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Members of the Boston area Lisa Thorson Five have been friends for eleven years; the group’s firm cohesiveness is a direct result. A student of Sheila Jordan, the singer/leader presents modern mainstream vocal art with obvious nods to Erik Satie and Thelonious Monk. Each artist solos and everybody works together on the thrilling arrangements. Spontaneity and surprise show up in the arranged phrases as well as the improvised work.
Thorson’s flexible voice fills several roles: scat singer, quasi-horn player, lyrical balladeer, and rhythmic chanter. While scat singing "I Mean You" around Cercie Miller’s alto saxophone solo and Bill Evans’ "Five" around solos from piano, bass and drums, Thorson stretches from a unison with piano to lyrical lead melodies. "But Not For Me" is a vocal/drums duet with an interesting shuffle rhythm. Thorson employs her voice as an instrument on Schuller’s "Punta d’Blues," creating a little dissonance from time to time with extreme care not to overdo it. Again, with voice as an instrument on "Mood Indigo," Thorson works as a duo with tenor saxophone before launching into the lyrics of the favorite tune. Modal ballads "Wondering Why?" and "Resonance" demonstrate the singer’s sincere expression. With a loose bass drumhead adding authenticity, Schuller begins "Mother, Daughter, Sister, Friend." It’s a chant containing wordless vocal lines that resemble utterances from ancient tongues and cultures. Thorson’s multi-tracked three-part vocal harmony frames her lovely composition as if she had created bookends. If you enjoy creative scat singing and have a respect for vocal art, then this one will rank high on your star chart. Highly Recommended.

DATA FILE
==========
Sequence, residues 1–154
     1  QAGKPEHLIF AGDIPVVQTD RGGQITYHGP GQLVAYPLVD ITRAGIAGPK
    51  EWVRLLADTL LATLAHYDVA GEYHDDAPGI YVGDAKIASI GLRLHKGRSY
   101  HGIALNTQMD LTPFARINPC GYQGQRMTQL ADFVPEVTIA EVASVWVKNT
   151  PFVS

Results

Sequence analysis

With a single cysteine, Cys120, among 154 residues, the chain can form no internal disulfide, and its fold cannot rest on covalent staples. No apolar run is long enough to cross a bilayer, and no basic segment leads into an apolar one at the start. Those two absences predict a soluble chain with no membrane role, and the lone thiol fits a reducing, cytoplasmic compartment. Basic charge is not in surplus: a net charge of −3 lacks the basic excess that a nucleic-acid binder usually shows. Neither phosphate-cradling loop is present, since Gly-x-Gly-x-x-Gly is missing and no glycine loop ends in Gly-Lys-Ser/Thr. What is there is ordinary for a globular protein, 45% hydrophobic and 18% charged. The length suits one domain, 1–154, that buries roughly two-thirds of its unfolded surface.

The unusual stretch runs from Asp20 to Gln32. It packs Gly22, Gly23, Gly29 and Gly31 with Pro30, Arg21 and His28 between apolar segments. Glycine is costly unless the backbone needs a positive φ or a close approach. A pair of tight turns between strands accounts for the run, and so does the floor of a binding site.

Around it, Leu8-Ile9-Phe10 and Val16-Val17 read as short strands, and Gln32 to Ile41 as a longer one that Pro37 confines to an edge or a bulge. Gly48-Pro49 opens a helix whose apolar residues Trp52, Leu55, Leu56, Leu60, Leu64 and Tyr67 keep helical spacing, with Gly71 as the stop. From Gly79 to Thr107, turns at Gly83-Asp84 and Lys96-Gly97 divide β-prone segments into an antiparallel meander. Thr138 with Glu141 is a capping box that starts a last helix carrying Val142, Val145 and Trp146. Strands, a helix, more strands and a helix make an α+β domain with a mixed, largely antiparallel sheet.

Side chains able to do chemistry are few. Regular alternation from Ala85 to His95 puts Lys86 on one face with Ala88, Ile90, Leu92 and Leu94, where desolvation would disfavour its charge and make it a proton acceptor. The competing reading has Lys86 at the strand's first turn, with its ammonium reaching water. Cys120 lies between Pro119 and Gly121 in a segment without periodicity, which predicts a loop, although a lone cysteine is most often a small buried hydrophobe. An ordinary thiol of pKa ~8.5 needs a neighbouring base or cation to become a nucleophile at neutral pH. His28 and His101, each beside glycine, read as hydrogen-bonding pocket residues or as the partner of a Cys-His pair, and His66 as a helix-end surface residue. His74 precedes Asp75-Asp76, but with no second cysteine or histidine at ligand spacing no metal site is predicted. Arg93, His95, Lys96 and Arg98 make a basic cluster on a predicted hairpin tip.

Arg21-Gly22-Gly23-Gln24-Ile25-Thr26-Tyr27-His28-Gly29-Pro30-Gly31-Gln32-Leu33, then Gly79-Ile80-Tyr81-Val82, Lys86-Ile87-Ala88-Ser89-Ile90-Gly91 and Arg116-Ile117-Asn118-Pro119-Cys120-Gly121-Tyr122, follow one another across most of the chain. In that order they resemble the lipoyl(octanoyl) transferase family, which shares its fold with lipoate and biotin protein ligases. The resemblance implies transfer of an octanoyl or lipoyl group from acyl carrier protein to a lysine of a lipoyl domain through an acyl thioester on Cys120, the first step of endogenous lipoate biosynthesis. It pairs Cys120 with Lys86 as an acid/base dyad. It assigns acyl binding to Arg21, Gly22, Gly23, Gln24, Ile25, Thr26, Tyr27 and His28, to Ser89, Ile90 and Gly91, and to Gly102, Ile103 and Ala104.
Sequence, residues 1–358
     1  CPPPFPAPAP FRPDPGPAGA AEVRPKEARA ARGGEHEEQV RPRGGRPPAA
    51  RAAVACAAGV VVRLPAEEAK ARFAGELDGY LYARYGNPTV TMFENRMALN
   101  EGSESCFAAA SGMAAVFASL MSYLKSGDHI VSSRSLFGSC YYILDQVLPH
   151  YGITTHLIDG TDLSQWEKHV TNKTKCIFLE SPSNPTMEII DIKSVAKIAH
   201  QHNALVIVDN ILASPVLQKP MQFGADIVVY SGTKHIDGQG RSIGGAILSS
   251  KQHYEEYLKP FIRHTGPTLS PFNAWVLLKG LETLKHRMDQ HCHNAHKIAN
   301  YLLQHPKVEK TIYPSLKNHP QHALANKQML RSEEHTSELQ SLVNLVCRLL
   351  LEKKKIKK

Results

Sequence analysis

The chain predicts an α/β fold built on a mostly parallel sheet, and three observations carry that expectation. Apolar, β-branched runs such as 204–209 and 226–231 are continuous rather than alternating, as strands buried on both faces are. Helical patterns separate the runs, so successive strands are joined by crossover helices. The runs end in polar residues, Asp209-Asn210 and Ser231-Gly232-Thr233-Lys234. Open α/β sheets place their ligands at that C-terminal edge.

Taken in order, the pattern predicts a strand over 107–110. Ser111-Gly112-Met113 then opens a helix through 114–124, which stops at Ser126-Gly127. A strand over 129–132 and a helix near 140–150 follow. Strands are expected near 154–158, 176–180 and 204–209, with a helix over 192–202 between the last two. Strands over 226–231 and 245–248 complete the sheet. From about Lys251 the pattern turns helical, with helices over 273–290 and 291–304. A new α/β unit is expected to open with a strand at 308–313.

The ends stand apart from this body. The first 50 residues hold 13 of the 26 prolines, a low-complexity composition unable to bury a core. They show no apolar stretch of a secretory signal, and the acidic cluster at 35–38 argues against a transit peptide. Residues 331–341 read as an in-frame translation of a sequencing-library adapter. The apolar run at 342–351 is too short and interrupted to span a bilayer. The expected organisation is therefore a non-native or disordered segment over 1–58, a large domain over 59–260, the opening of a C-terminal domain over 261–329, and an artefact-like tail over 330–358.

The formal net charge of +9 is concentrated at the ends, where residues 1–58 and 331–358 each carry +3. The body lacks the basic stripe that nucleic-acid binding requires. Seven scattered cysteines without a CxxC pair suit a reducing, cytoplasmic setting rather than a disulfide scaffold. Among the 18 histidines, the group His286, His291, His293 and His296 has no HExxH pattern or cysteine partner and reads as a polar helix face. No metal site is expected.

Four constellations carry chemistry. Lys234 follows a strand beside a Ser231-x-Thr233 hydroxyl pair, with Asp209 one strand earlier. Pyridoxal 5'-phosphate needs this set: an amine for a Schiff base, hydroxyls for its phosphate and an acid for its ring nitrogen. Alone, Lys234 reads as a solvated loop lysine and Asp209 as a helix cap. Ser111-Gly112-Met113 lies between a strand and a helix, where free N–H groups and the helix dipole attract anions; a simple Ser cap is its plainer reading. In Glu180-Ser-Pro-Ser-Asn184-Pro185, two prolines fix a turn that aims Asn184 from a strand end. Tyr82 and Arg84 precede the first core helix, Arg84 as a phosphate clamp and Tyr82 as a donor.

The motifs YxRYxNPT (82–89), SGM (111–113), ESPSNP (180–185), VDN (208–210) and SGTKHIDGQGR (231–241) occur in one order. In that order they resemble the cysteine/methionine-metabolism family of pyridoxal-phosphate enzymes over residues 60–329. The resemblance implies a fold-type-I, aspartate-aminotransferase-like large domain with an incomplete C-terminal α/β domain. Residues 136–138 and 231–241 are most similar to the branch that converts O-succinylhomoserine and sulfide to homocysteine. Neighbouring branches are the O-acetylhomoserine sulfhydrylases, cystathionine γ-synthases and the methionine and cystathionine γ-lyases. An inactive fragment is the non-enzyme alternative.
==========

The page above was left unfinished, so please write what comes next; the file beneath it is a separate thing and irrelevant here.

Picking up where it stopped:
Track Listing: Between the Devil and the Deep Blue Sea; Resonance; I Mean You; The Nearness of You; But Not For Me; Mood Indigo; Five; Wondering Why?; Mother, Daughter, Sister, Friend; Punta d
Personnel: Lisa Thorson- vocals; Tim Ray- piano; Cercie Miller- alto saxophone, tenor saxophone; Dave Clark- acoustic bass; George Schuller- drums.
I grew up listening to mainstream '70s rock then ended up on the staff at the college paper at San Diego State, and volunteered to review heavy metal LPs. My second semester, the music editor dropped a Fenton Robinson LP on my desk, Night Flight. You like metal; they play guitar--he plays guitar, the editor told me
I grew up listening to mainstream '70s rock then ended up on the staff at the college paper at San Diego State, and volunteered to review heavy metal LPs. My second semester, the music editor dropped a Fenton Robinson LP on my desk, Night Flight. You like metal; they play guitar--he plays guitar, the editor told me. If we don't run a review, Alligator Records is going to stop servicing us.
Night Flight opened up a whole new world for me--the blues led me, inevitably, to Basie, who led to Duke, who led to Mingus, who led to Miles, who led to ...